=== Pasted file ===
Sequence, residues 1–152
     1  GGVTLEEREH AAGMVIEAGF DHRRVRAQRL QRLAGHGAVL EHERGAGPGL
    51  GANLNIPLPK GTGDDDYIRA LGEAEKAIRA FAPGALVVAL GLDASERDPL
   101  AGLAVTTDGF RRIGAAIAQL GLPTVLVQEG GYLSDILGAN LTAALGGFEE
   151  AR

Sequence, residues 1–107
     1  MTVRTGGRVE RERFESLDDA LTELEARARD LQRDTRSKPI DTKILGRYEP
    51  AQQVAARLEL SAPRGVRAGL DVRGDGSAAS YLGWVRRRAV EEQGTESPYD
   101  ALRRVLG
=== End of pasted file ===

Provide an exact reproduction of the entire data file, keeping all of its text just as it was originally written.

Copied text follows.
Sequence, residues 1–152
     1  GGVTLEEREH AAGMVIEAGF DHRRVRAQRL QRLAGHGAVL EHERGAGPGL
    51  GANLNIPLPK GTGDDDYIRA LGEAEKAIRA FAPGALVVAL GLDASERDPL
   101  AGLAVTTDGF RRIGAAIAQL GLPTVLVQEG GYLSDILGAN LTAALGGFEE
   151  AR

Sequence, residues 1–107
     1  MTVRTGGRVE RERFESLDDA LTELEARARD LQRDTRSKPI DTKILGRYEP
    51  AQQVAARLEL SAPRGVRAGL DVRGDGSAAS YLGWVRRRAV EEQGTESPYD
   101  ALRRVLG